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Instructional Trend Spotlight: Gamification
Many of you are busy teaching and/or working and don’t have a lot of time to research trends in education technology and online learning. To save you time, we’ll be periodically sending out snapshots of instructional trends to keep you in the know.

Instructional Trend Spotlight: Gamification

by Heather Leslie

Gamification Definition and History

The use of games have long been used as a teaching and learning tool. Chess was used in the Middle Ages to teach war strategies to noblemen. Games are fun for people because they are a form of play, a desire for which develops in childhood. Games allow us to use our imagination, take on challenges, and earn rewards. Gamification, then, is an approach to motivate students to learn by using game design and game elements in a learning environment (Kapp, 2012). Gamification elements go back to schools using grades and marks as a system to motivate and reward students to perform well on tests and assignments. This system uses a behavioral approach to motivate students to behave in certain ways. The term ‘gamification’ was coined in 2002 as a multidimensional approach that incorporates psychology, design, strategy, and technology (Werbach, 2012). Gaming elements can include points, digital badges, and leaderboards to motivate and track behavior in online platforms. Games can develop cognitive skills as well as non-cognitive skills such as patience and discipline (Mackay, 2013) and are not only engaging for children but can also be engaging for adults (Prensky, 2001).

 

Prevalence of Gamification

The gaming industry and gamification of learning has grown significantly in which 97% of kids play video games, making gamification an effective way to keep students engaged (Sanders, 2015). According to a survey conducted, 70% of teachers said they saw an increase in student engagement when using educational video games (Sanders, 2015). Gamification has been used by early adopters and has yet to make its way into mainstream online college courses but this could evolve as more professors see the benefits of engaging students through games (Toyama, 2015) especially as games are used to help students learn new knowledge and skills (Aburahma & Mohamed, 2015).

Merits & Issues of Gamification

Some would argue that a good teacher uses tricks to elicit student performance when motivation is lacking. Many teachers use candy or other rewards to motivate. Gamification follows the same line of thinking in which students get rewards such as points when they complete an activity or assignment. Some argue that using these kind of rewards feeds extrinsic motivation, rather than an intrinsic desire to learn. But some seek knowledge for its own sake and others seek to learn as part of vocational preparation, for example. Not everyone will feel intrinsically motivated about what they are learning all the time even if they still have to learn it.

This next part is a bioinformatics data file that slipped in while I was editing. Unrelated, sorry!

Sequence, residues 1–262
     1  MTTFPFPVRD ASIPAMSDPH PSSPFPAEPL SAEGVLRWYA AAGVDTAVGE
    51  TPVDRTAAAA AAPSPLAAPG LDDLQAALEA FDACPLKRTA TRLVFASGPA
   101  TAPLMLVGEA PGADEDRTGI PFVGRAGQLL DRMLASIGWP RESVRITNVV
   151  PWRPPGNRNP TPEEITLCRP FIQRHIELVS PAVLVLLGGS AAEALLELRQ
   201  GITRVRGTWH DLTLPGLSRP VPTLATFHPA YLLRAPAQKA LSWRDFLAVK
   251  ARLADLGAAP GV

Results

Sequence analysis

Support of Gamification

Proponents of gamification argue that today’s students (and future students) have spent their entire lives surrounded by computers, video games, and other toys and tools of the digital age (Toyama, 2015). These learners have been referred to as “digital natives” and are accustomed to interacting with highly engaging digital content. Therefore, gamification is something that they are used to and enjoy. Utilizing this approach to “speak the language” of the learner, may produce more engagement and better performance by students. Opponents of gamification believe that courses and universities shouldn’t cater to students who lack instrinsic motivation, interest, and curiosity on their own (Toyama, 2015). A deep philosophical question is at the heart of this debate on whether universities and faculty should engage students where

they are or expect students to come with a source of intrinsic motivation (Toyama, 2015).There is no substitute for intrinsic motivation. When someone genuinely loves what they are leaning and is energized by it, they will have the best experience and will likely perform well. Others may need motivational help and games or gaming elements can be one way to engage students in learning.

References:

Aburahma, M.H. & Mohamed, H.M. (2015, May 25). Educational games as a teaching tool in pharmacy curriculum. American Journal of Pharmaceutical Education, 79(4): 59. Retrieved from: https://www.ncbi.nlm.nih.gov/pmc/articles/PMC4469025/

Kapp, K. (2012). The gamification of learning and instruction: Game-based methods and

strategies for training and education. Hoboken: John Wiley & Sons.

Mackay, R.F. (2013, March 1). Playing to learn: Panelists at Stanford discussion say using games as an educational tool provides opportunities for deep learning. Retrieved from Stanford News: https://news.stanford.edu/2013/03/01/games-education-tool-030113/

Prensky, M. (2001). Fun, play and games: What makes games engaging? In M. Prensky, Digital game-based learning. Retrieved from: http://www.autzones.com/din6000/textes/semaine13/Prensky(2001).pdf

Sanders, J. (2015, April 27). By the numbers: 10 stats on the growth of gamification. Retrieved

from Games and Learning: http://www.gamesandlearning.org/2015/04/27/bythe-

numbers-10-stats-on-the-growth-of-gamification/

Toyama, K. (2015, October 29). The looming gamification of higher education. Retrieved from The Chronicle of Higher Education: https://www.chronicle.com/article/The-Looming-Gamification-of/233992

Werbach, K. (2012). For the win: How game thinking can revolutionize your business.

Philadelphia, PA: Wharton Digital.